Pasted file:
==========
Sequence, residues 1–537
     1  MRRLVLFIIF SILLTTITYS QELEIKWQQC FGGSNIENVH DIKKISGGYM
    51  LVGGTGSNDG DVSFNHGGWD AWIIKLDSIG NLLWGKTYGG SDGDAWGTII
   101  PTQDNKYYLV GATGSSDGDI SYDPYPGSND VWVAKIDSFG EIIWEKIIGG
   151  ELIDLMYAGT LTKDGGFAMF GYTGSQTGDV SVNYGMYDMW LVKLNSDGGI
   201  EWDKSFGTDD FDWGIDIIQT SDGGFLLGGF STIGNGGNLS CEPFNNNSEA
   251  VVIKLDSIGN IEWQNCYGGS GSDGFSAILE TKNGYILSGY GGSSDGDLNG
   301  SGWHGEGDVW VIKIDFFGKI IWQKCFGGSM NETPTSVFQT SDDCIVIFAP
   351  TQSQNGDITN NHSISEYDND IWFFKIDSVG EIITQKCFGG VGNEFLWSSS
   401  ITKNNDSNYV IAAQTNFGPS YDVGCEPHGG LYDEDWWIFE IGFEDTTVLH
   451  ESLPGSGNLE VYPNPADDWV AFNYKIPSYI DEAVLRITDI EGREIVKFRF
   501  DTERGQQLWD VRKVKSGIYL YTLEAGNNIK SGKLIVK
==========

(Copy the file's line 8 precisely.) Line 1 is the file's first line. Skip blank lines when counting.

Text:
   301  SGWHGEGDVW VIKIDFFGKI IWQKCFGGSM NETPTSVFQT SDDCIVIFAP